Aspiring entrepreneurs from all over the world come to our classes with a dream of opening a successful coffee shop. Often, they’ve funneled creative energy into envisioning the concept, the space, the menu, and the name. Now, there’s one major hurdle that seems to be the source of all their questions: money. What are some of the most common questions we hear about coffee shop finances?
Meet Shannon Neffendorf, co-founder of Oak Cliff Coffee, father of four, coffee origin aficionado, and friend of Texas Coffee School. His love for coffee culture was birthed in Milan, where he observed crowds of people laughing at coffee bars and a refreshing absence of laptops. In 2006, Shannon began roasting green coffee beans on a stove top whirly pop. By 2008, he and his new wife, Jenni, were roasting beans on a gas grill and selling coffee to the neighbors.
Entrepreneur Tips from Texas Coffee School Founder, Tom Vincent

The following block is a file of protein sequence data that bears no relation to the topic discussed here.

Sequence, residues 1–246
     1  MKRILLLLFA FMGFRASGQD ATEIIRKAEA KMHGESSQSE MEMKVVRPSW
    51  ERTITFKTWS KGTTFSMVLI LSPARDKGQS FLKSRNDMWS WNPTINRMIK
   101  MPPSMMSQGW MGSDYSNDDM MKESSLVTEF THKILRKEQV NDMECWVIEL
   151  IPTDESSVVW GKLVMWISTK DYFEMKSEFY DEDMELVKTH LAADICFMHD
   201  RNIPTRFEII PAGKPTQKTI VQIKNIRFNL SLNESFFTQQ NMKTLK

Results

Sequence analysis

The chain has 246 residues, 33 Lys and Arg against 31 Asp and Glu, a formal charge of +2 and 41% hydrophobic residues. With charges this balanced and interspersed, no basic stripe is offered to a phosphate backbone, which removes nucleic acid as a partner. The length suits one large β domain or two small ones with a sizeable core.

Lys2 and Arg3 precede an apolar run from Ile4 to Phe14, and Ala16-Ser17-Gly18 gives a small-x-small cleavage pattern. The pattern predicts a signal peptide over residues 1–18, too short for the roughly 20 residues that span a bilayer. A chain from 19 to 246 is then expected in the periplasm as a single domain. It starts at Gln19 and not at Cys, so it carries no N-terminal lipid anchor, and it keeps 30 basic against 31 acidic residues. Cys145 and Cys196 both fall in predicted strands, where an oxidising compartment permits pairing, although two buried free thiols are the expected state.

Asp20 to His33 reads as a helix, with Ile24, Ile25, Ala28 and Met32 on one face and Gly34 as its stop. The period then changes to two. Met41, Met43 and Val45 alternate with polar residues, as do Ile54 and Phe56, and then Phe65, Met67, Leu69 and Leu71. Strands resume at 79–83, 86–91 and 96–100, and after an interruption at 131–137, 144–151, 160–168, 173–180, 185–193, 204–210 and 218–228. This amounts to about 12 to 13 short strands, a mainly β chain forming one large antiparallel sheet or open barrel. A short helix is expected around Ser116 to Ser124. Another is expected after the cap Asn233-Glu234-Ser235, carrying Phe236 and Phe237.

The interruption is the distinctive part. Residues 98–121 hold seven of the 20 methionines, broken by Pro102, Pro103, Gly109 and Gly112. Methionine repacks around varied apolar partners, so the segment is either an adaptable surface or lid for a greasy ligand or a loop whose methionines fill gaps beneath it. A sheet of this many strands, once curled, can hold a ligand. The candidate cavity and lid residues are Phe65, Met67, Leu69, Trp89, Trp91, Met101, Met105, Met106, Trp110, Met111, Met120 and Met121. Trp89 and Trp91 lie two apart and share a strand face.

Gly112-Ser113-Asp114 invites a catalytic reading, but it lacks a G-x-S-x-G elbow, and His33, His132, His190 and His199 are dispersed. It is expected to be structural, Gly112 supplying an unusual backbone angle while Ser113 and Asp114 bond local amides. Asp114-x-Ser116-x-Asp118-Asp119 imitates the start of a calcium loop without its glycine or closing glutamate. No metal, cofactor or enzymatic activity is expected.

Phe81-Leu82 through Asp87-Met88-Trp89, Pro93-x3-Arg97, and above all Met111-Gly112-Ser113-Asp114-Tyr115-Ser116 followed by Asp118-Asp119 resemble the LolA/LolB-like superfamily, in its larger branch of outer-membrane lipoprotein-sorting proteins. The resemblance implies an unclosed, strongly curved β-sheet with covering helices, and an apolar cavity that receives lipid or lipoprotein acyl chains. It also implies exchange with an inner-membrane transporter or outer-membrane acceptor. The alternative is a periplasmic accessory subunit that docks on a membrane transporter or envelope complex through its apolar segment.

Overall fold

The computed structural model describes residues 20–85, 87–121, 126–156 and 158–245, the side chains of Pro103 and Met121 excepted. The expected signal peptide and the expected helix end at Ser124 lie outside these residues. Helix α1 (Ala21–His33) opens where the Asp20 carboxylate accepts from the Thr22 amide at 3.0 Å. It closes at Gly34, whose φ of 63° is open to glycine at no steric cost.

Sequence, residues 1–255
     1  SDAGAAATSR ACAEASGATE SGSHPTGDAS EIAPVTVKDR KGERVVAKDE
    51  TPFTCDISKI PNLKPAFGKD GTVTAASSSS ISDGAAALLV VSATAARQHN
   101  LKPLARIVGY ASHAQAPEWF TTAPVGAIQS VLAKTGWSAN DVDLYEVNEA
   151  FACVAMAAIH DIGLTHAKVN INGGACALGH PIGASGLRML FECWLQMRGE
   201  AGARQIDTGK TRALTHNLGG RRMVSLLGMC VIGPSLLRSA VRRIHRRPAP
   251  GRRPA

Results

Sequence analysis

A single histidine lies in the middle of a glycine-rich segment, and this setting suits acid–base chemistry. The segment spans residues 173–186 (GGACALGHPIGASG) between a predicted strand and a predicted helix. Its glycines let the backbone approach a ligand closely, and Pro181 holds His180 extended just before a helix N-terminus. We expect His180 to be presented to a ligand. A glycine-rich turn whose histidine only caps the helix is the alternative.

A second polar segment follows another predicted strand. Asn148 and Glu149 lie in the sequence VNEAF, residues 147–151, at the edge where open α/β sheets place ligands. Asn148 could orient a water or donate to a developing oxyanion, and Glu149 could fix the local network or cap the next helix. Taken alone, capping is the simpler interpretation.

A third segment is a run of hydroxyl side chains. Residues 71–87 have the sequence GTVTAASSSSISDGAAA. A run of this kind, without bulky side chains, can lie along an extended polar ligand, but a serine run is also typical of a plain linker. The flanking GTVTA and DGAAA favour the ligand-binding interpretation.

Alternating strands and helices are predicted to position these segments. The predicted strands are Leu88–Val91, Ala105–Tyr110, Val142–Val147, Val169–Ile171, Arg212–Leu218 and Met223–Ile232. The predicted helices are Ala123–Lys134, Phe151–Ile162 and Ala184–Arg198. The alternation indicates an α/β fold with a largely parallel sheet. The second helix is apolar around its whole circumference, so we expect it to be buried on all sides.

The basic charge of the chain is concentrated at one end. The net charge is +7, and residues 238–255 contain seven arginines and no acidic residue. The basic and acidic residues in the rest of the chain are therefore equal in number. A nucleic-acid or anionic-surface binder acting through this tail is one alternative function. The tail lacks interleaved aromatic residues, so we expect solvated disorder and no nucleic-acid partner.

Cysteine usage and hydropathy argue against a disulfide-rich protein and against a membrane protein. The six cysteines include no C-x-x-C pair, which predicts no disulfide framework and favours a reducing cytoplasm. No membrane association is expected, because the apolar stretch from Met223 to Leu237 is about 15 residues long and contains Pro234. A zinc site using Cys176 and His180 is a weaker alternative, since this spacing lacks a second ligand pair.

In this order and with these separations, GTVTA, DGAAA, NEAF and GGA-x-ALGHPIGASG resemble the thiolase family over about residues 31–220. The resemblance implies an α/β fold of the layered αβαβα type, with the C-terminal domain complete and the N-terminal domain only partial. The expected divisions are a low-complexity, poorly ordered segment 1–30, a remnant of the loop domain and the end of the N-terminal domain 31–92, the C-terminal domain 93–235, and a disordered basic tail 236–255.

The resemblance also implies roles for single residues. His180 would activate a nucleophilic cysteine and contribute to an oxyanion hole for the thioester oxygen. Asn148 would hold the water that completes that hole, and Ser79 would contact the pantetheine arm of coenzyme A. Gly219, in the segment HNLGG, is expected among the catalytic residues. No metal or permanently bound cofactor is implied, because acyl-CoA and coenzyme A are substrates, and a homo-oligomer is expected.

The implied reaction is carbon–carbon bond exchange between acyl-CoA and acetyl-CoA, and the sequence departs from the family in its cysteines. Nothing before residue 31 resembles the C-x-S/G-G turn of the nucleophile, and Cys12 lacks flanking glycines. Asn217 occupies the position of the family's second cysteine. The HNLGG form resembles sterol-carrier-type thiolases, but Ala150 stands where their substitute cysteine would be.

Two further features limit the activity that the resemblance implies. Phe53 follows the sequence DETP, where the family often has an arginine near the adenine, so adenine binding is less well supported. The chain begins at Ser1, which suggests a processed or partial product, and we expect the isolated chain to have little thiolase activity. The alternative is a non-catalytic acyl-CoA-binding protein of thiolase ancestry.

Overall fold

In a recent blog post, we interviewed Texas Coffee School founder Tom Vincent. More than 11 years into his own journey as an entrepreneur, he’s helped hundreds and hundreds of coffee shop owners launch their own businesses. We wanted to learn more about his best advice and entrepreneur tips for aspiring coffee shop owners.
Read Top Entrepreneur Tips for Coffee Shop Owners (Part 1) here.
Entrepreneur Tips from Texas Coffee School Founder Tom Vincent
In 2009, Tom Vincent was laid off from his job as a creative director. Facing an economic recession and declining print industry, his lack of prospects sent him spiraling from a cush creative career to rock bottom. He eventually found himself donating plasma and picking up day labor gigs to scrape by.
Tom, a long-time specialty coffee enthusiast, (who by chance got to apprentice several of the most respected minds in the entire specialty coffee industry for two years) spent his last $3.00 to treat himself to a cappuccino.
Following a year of unexpected upheaval for small business owners, to start a small business may seem unthinkable. You’ve endured a year of new routines, rules, and adaptations. It’s tempting to want to hold off on your dream until a more reasonable time presents itself. Don’t. It may be surprising, but we have reason to believe now is a great time to start a small business.
In 2010, Harvard Business Review launched a yearlong analysis of successful corporate strategies during the 1980 crisis,